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It’s been a while since I reviewed American Airlines’s Premium Economy product aboard the Boeing 787-9. Okay, I admit it, it’s been well over a year since I published my review of what was then, a new product for American Airlines. However, as the first major US-based airline to debut a premium economy product, many travelers remain hesitant to shell out hundreds of dollars for the upgrade from standard economy to premium economy.
Even with most reviews out there indicating that American Airlines Premium Economy is of great value, I completely understand why a traveler would still be hesitant to book or upgrade to premium economy. The fact of the matter is that, for many US-based travelers, premium economy is a new concept. So, after months of questions from TravelUpdate readers, I’ve decided to answer some of the top questions about American Airlines Premium Economy.
How can American Airlines Premium Economy be booked? Can I use miles or is it cash only?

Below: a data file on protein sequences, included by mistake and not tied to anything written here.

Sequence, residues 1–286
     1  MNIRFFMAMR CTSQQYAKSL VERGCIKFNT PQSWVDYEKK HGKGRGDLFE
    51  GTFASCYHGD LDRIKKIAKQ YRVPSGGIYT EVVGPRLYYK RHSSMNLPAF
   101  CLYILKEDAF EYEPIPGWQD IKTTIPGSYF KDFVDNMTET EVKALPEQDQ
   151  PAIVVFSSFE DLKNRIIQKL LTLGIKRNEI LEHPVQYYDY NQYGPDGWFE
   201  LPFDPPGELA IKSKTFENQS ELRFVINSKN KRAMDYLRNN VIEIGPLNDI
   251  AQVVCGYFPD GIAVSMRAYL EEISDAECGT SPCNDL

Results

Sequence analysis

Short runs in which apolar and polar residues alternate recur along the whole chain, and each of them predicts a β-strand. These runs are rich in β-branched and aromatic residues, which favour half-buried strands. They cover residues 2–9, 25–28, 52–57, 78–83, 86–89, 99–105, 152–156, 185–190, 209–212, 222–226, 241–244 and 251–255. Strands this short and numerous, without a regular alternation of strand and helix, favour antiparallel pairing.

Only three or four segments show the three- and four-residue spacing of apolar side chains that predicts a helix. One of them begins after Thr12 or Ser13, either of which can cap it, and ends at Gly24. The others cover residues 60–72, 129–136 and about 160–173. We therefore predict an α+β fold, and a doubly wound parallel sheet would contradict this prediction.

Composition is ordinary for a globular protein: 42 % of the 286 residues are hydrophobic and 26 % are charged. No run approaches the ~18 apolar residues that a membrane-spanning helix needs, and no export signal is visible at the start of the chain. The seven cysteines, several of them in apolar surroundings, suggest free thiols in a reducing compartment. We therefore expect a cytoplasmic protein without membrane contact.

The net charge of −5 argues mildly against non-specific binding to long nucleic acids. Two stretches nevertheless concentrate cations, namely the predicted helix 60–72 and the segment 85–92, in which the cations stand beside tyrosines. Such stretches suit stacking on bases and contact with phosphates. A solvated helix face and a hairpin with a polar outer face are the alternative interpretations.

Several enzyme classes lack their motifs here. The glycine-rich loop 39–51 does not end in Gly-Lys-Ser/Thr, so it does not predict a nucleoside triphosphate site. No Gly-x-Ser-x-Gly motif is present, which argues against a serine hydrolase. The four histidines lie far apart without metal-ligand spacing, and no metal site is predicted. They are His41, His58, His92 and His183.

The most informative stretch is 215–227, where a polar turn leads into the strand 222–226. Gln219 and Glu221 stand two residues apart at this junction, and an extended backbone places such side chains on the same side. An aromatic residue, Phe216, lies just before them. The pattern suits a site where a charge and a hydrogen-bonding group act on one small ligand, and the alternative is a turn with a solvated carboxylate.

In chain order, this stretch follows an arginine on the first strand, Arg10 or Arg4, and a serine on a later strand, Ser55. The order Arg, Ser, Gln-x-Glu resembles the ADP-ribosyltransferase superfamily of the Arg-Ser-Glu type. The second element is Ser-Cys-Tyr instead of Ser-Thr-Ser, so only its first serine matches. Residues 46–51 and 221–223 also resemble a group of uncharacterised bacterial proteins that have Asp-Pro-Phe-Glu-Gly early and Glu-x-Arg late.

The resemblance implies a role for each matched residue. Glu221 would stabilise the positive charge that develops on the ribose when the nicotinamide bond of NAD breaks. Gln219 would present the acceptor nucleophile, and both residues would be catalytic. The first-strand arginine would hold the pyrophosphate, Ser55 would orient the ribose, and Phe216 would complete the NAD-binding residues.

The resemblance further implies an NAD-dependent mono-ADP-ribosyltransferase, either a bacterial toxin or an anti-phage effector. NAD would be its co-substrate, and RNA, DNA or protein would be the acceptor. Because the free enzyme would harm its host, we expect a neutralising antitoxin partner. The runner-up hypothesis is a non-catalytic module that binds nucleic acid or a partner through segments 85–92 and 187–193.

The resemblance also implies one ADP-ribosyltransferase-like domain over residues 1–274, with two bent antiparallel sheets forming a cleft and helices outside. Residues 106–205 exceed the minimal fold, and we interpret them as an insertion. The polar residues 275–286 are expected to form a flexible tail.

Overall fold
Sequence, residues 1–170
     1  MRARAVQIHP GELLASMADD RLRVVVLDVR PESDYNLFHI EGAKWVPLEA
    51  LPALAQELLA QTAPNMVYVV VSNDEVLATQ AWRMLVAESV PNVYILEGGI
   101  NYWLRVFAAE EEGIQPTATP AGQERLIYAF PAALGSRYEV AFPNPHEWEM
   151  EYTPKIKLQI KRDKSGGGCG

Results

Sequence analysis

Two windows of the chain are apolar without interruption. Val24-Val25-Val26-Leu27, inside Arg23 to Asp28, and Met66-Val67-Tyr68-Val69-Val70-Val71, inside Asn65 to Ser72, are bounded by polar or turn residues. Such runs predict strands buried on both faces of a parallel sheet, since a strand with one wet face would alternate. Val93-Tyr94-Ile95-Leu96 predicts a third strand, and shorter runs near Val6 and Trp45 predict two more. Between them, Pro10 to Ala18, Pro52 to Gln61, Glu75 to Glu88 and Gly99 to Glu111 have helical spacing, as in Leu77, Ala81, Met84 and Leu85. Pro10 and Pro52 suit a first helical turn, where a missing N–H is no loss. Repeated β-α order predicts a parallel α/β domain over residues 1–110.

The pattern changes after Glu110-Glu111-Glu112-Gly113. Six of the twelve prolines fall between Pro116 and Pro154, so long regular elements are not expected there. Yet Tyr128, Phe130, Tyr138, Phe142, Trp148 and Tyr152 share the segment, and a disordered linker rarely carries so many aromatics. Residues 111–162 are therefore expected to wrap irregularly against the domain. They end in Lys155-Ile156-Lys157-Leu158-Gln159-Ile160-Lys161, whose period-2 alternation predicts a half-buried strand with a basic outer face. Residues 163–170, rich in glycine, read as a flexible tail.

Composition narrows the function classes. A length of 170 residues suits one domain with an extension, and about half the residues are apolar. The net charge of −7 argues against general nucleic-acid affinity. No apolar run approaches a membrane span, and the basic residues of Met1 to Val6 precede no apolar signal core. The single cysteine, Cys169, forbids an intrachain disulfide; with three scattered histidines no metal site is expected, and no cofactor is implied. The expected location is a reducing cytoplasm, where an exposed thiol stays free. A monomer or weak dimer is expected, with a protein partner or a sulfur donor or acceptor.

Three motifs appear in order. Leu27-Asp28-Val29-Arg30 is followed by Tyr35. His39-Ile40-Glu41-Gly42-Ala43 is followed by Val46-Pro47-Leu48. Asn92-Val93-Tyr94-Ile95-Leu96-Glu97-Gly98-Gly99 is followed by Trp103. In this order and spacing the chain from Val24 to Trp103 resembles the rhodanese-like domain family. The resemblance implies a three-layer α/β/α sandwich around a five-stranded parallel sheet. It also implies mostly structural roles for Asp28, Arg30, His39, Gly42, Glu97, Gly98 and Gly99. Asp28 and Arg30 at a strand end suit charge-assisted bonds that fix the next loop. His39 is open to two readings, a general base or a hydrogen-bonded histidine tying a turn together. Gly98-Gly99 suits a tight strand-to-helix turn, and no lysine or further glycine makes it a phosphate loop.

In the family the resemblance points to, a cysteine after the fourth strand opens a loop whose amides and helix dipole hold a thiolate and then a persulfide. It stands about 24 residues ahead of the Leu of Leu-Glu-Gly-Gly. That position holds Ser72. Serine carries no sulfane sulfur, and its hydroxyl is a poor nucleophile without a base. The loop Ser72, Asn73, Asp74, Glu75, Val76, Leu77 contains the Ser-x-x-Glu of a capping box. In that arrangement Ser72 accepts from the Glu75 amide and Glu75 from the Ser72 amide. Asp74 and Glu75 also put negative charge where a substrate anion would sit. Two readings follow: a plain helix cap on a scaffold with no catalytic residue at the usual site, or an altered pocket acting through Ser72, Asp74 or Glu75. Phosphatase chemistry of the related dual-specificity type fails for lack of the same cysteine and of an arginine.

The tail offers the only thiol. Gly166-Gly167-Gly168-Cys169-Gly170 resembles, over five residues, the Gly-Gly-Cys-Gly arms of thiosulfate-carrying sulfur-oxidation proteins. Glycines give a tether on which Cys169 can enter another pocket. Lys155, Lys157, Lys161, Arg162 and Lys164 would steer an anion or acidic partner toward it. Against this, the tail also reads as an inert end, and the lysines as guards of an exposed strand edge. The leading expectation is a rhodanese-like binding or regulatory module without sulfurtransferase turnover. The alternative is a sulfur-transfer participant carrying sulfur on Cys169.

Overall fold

Premium Economy tickets are now treated just like any other fare class and cabin. When American Airlines initially launched Premium Economy, there were some differences in how the upgraded cabin was handled as it pertained to bookings, ticketing, and upgrades. Those differences and oddities are now gone as the product are now fully integrated into every system at American Airlines. That said, you can book Premium Economy any way you’d prefer. Both cash and miles are accepted with Premium Economy awards having launched in January 2019.
The cash fare varies with the desired route and itineraries. Occasionally, you might find a Premium Economy fare that’s only a few hundred dollars more round-trip but you’ll also come across Premium Economy fares that are well over a thousand dollars more than a standard seat. I’ve included two examples of economy vs. Premium Economy fares for 6 and 7-day trips departing in March 2019. All prices quoted are round-trip fares and were found using Google Flights and confirmed on AA.com.